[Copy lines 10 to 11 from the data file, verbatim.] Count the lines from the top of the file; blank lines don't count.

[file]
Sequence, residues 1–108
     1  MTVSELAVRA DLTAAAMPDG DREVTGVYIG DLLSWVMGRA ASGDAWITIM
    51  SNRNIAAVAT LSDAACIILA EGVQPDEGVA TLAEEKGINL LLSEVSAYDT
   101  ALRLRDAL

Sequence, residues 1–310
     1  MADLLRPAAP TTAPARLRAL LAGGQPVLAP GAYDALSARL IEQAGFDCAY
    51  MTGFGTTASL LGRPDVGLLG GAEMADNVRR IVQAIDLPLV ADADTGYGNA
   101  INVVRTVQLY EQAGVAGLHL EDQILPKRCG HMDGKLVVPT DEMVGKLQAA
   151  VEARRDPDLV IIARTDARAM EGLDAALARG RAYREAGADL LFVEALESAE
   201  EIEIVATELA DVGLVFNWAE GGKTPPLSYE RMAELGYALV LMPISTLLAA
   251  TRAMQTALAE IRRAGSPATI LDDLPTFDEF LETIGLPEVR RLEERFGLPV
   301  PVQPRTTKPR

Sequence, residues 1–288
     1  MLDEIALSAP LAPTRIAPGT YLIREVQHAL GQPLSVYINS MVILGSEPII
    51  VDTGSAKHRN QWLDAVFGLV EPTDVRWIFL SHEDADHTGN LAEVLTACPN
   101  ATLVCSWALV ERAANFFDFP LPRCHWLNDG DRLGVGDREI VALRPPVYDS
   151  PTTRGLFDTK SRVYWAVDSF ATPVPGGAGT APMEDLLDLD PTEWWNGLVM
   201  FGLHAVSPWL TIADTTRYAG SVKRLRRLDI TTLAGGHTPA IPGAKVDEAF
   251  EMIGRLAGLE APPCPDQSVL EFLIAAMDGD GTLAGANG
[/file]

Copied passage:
   201  EIEIVATELA DVGLVFNWAE GGKTPPLSYE RMAELGYALV LMPISTLLAA
   251  TRAMQTALAE IRRAGSPATI LDDLPTFDEF LETIGLPEVR RLEERFGLPV